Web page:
Beavers back in British rivers

Busy beavers back building in Britain
25 February 2020

Interview with 

Alan Puttock, Devon Wildlife Trust


A beaver chewing on a twig in water


The UK has seen widespread flooding this month following the arrival of storm Dennis and his sidekicks. The deluge has totally overwhelmed flood defences in many places. These defences are often necessary because poor land stewardship has drastically reduced the ability of the ground to store water. Until they were hunted to extinction, beavers were the UK’s land managers: their building projects helped to control how water moved through the terrain. So might one solution be to bring them back? Well, for the first time in four hundred years, they are swimming wild again, at least in one river in England. And - in the words of one correspondent, their impact has been “dam impressive”. Megan McGregor spoke to Alan Puttock, who’s one of the researchers keeping an eye on them...

Megan - Beavers are staging a comeback in a corner of southwestern England. Some accidental escapees into the River Otter provided scientists at the University of Exeter and Devon Wildlife Trust with an opportunity - to figure out if the beaver can still thrive in modern UK landscapes. And five years later the results are looking positive.

Alan - Beavers were able to thrive in our modern British landscapes, the population increased from two families to thirteen families over the course of five years and we found that overall beavers had a positive impact. This was in terms of holding back water and reducing flood risk, a massive increase in wetland habitat and biodiversity and also some other more social benefits, such as ecotourism. For instance, there were local villages that benefited from increased visitor numbers with people who wanted to come and see these wild animals.

Megan - Since beavers went extinct, we humans have created a lot of concrete paved cities and compacted farmland. These landscapes drain water very quickly and can contribute to increased flooding. Luckily beaver dams have a rather handy side effect for humans.

Alan - By building dams within the landscape, beavers increase water storage, but also the roughness of the landscape. So they slow the flow of water. So when you get heavy rain events, rather than water rushing off the land and flooding, for instance, downstream communities, you get this slower release of water from a beaver impacted sight. Beavers aren't the sole solution to flooding. They are part of the solution. We're not saying that you should take away these flood defenses that currently exist. What beavers can do is increase the resilience of flood defenses, so by reducing flooding a little bit you might not see, say, flood walls overtopped during flooding.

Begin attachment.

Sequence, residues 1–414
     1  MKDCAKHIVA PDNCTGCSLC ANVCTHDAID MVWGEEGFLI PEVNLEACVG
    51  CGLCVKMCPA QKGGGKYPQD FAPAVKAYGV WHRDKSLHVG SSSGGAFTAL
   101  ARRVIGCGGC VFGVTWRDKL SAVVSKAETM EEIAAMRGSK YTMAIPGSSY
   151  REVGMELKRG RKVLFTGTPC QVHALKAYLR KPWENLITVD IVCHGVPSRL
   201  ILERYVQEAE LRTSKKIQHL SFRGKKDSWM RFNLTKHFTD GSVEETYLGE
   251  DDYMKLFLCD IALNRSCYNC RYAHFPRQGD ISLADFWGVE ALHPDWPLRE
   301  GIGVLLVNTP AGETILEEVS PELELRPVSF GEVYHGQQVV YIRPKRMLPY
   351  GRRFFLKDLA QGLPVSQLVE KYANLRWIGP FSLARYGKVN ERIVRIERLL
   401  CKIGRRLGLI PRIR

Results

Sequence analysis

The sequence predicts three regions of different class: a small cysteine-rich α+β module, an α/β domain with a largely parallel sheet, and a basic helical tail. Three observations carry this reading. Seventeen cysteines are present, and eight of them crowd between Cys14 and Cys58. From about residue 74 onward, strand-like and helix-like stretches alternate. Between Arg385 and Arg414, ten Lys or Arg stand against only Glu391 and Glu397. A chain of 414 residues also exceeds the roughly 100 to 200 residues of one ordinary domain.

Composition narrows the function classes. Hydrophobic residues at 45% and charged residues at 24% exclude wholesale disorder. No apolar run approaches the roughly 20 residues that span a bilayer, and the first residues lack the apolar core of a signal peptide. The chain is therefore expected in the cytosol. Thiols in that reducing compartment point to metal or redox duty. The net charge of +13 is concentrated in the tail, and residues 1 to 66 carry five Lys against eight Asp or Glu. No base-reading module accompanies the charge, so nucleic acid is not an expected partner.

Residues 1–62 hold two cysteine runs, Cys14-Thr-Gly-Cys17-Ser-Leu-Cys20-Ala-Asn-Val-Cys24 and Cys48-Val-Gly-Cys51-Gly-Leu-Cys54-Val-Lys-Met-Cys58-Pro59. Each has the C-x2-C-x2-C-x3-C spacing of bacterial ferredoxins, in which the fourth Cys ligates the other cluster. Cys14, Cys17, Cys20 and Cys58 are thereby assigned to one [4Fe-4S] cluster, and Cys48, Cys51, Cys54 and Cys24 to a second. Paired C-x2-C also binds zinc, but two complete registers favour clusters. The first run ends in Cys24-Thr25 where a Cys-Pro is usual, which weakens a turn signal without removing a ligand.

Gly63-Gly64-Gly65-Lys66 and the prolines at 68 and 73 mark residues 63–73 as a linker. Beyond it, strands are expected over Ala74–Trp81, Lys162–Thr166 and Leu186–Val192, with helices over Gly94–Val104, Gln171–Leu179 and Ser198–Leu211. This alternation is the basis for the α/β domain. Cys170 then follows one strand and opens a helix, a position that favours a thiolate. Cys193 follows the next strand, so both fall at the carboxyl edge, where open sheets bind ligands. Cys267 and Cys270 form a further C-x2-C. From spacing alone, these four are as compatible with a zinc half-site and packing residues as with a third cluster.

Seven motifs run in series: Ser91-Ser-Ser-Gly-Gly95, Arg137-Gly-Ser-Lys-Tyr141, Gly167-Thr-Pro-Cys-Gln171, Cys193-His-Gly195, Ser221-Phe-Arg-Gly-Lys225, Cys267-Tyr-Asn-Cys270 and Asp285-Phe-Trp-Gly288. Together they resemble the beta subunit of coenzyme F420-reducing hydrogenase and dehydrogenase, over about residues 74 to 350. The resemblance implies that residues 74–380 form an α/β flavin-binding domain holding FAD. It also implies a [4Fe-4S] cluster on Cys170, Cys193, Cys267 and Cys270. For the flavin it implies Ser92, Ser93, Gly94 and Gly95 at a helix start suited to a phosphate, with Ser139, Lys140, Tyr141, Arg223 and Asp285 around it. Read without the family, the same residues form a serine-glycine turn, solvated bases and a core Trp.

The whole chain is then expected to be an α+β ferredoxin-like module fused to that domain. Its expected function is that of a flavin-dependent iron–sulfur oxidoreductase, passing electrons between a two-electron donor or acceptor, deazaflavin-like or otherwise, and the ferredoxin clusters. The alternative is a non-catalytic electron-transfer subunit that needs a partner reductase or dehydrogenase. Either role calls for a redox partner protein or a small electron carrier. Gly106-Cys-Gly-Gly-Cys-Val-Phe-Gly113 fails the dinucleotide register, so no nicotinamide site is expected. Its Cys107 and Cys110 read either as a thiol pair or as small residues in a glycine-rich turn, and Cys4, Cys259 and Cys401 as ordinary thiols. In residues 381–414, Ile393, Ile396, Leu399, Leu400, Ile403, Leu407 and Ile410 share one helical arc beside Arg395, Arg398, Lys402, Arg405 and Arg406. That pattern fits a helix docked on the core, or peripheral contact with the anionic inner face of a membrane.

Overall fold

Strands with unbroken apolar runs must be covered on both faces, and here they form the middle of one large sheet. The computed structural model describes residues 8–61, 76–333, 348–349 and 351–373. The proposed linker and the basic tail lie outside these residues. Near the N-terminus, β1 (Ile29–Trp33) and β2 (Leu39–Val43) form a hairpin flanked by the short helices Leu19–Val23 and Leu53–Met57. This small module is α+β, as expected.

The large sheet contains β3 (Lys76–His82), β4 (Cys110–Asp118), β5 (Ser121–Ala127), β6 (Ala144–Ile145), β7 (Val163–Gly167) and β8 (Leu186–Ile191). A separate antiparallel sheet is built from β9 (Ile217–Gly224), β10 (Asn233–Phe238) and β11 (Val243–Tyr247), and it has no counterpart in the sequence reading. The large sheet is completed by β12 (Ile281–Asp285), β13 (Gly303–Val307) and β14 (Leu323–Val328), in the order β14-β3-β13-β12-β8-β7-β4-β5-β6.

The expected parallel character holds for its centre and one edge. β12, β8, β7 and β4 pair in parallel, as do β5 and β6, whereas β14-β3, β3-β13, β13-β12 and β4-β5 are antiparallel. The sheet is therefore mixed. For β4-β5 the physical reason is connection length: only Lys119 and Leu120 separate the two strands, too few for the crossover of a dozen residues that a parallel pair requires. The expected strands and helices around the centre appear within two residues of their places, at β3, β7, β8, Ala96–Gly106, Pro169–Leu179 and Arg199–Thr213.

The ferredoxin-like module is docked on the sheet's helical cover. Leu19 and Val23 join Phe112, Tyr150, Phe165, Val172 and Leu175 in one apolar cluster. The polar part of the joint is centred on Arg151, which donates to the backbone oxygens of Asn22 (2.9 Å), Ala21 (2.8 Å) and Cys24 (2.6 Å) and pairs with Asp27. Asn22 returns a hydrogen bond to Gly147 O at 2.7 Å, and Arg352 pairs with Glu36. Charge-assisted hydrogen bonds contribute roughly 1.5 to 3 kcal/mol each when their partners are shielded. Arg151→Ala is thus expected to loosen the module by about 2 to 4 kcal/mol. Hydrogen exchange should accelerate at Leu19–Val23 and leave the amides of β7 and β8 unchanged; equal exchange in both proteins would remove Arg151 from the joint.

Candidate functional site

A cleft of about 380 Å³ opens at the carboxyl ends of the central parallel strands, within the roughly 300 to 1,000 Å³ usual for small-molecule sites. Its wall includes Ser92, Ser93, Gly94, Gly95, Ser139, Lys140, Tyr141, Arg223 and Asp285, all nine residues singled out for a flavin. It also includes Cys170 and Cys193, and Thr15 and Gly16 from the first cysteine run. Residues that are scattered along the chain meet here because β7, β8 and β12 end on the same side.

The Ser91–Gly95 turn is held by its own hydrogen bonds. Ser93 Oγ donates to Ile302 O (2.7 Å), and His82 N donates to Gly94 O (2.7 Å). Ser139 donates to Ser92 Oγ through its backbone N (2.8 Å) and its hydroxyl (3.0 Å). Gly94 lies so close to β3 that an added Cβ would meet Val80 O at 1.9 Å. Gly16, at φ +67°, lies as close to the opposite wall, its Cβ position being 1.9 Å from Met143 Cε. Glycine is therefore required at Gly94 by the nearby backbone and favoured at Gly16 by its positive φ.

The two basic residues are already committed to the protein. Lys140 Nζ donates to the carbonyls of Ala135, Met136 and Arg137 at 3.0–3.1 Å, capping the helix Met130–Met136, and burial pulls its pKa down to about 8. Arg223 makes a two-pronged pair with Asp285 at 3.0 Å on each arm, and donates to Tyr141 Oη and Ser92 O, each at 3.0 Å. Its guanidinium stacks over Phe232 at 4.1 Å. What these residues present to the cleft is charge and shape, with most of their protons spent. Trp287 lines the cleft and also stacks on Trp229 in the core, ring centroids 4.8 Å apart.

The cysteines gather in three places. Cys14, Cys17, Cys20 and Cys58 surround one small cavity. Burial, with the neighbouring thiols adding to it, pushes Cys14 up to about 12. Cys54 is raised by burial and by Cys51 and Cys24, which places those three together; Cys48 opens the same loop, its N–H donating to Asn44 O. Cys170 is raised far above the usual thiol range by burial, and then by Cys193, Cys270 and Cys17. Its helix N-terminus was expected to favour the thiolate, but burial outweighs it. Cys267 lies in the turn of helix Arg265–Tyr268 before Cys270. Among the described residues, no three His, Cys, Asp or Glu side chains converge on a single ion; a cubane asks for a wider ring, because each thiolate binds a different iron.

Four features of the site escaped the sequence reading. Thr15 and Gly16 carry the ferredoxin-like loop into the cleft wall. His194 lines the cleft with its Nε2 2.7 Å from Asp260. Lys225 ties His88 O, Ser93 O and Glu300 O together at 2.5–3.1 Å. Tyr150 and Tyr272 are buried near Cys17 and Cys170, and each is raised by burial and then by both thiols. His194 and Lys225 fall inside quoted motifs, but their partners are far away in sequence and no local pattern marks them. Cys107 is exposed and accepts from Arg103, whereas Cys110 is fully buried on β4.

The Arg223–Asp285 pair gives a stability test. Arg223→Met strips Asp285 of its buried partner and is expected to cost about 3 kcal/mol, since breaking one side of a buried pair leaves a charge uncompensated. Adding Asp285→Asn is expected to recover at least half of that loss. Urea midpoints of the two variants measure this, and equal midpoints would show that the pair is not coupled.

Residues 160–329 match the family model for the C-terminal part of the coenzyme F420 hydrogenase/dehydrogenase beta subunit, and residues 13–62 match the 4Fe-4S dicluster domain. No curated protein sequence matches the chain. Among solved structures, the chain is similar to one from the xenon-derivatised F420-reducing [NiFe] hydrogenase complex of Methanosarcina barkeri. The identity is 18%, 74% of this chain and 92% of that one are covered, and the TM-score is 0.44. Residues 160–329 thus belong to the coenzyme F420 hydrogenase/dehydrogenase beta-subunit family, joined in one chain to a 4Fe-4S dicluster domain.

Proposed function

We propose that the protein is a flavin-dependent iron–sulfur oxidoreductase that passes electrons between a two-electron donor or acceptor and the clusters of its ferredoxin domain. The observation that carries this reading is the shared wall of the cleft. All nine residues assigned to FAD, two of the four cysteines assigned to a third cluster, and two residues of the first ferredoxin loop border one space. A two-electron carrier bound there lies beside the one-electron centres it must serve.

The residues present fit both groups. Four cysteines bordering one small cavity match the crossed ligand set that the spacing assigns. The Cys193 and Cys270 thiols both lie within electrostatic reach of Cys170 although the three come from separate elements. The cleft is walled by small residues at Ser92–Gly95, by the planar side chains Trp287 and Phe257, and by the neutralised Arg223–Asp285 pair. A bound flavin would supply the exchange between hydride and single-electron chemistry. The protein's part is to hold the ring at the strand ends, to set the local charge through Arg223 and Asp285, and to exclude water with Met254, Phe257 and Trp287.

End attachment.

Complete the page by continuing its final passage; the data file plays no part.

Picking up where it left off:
Megan - The beavers have such an impact on their environment because, like humans, they're what's known as ecosystem engineers - animals that change the landscape to their liking, rather than adapting to the landscape as they find it. And when two ecosystem engineers clash, a little bit of ingenuity is required for them to get along.

Alan - There were some negatives or management issues, such as localised inundation of farmland. If you have dams that are flooding land to what's deemed an unacceptable level, you can use something called a beaver deceiver. It's essentially a pipe to artificially lower the level of a dam. You essentially fool the beaver. The beaver thinks the dam's still there, but you can use this pipe to control the water level. So you still get much of the benefits of the dam, for instance, holding water back. You've got this habitat created, but you can lower the water level down to what's deemed an acceptable level, say for a neighbouring farmer.

Megan - So the beaver benefits can be big, but they require management to keep clashes with humans to a minimum. Luckily those hoping to bring the beaver back can learn from other successful examples of re-introduction, such as the programme in Bavaria in Germany,

Alan - Beaver re-introduction happened there a couple of decades ago. They probably have around thirty, forty thousand beavers there and they've introduced a very pragmatic management strategy where you have a couple of regional beaver advisers who are government funded, but then a whole team of volunteers within the farmer and land-owner community who can keep them updated and do easy tasks such as protection of trees or removing of dams if they're in a undesirable location.

Megan - And what does the future hold for British beavers?

Alan - We have now reported to government and we've provided them with all of our findings and they've extended the trial in River Otter by six months, which is to give them a chance to assess all the evidence and make a decision both upon the River Otter beavers and also beavers nationally.

Megan - If the government rules against the beavers, they'll have to be trapped and sent to a zoo.

Alan - I think we've shown that beavers can bring a whole range of benefits. I really hope that under appropriate management strategies we'll be able to expand beaver populations throughout Great Britain.


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